Big Dreams, Small Screen: Tuning In to Dance Reality Shows

In Dance, January 2011

IT’S BROUGHT US SCHEMING Survivors, sadistic restaurateurs and women intent on marrying millionaires they’ve never met. And reality TV is now dance’s biggest venue, with shows like So You Think You Can Dance, Superstars of Dance, America’s Got Talent and Dancing with the Stars consistently at the top of the ratings. If there’s no such thing as bad publicity, then reality TV is the greatest thing that’s ever happened to dance: millions of people see ballroom, contemporary, Bollywood, hip hop and more on So You Think You Can Dance (SYTYCD) alone, and after seven seasons it’s still going strong.

The shows usually start with open calls in cities across the country, and the young hopefuls, usually no older than 30, include goofballs who show up on a lark and professionals raising their profiles. Over a roughly three-month season, the judges narrow several thousand contestants to ten or twenty finalists, who perform work by noted choreographers (on SYTYCD) or produce their own material (on Superstars of Dance and America’s Got Talent). The TV audience votes for their favorites, and the eventual winner receives anything from SYTYCD’s $250,000 cash to the $1,000,000 and headlining Las Vegas show awarded by America’s Got Talent (AGT).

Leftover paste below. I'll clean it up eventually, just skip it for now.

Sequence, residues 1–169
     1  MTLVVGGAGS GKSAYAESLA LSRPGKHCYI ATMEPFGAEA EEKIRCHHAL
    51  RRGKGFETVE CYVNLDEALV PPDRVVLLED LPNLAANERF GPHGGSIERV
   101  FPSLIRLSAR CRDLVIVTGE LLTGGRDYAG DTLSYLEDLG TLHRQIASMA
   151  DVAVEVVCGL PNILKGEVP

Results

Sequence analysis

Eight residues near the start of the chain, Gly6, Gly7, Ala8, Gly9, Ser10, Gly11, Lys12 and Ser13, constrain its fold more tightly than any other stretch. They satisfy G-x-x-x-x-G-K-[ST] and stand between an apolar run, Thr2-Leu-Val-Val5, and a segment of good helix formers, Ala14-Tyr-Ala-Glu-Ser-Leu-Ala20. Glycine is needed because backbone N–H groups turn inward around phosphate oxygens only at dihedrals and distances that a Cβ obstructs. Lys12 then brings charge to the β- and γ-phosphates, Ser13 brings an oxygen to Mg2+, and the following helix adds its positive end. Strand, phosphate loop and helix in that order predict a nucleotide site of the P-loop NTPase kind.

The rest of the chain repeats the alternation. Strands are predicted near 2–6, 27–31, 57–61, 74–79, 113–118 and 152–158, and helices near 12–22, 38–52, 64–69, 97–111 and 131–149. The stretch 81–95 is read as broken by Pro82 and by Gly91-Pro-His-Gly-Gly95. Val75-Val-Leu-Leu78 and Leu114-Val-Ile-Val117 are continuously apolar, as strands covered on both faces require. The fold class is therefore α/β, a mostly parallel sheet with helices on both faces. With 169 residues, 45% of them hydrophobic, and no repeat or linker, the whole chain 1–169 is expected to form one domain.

Money, fame, connections…it’s all good, right? Well, the essence of these shows isn’t dance, it’s drama, which is what keeps viewers (like me) tuning in. That means promoting conflict over craft—judges dish out often-humiliating criticism; the fast-moving format pushes dancers hard enough to weaken their defenses along with their bodies; and crafty editing fabricates arguments out of unrelated lengths of footage. So what’s to be gained from these shows, and what’s the cost?

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